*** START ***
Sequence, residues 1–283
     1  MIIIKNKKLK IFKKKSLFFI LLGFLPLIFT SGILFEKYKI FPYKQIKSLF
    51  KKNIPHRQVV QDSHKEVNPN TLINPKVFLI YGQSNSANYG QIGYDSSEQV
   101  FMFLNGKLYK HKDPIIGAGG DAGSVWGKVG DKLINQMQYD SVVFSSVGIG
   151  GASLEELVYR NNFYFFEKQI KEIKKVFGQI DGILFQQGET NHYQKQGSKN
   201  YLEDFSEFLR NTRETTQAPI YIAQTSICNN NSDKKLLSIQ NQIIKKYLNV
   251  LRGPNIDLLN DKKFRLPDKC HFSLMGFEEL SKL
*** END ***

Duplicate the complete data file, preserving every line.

Sequence, residues 1–283
     1  MIIIKNKKLK IFKKKSLFFI LLGFLPLIFT SGILFEKYKI FPYKQIKSLF
    51  KKNIPHRQVV QDSHKEVNPN TLINPKVFLI YGQSNSANYG QIGYDSSEQV
   101  FMFLNGKLYK HKDPIIGAGG DAGSVWGKVG DKLINQMQYD SVVFSSVGIG
   151  GASLEELVYR NNFYFFEKQI KEIKKVFGQI DGILFQQGET NHYQKQGSKN
   201  YLEDFSEFLR NTRETTQAPI YIAQTSICNN NSDKKLLSIQ NQIIKKYLNV
   251  LRGPNIDLLN DKKFRLPDKC HFSLMGFEEL SKL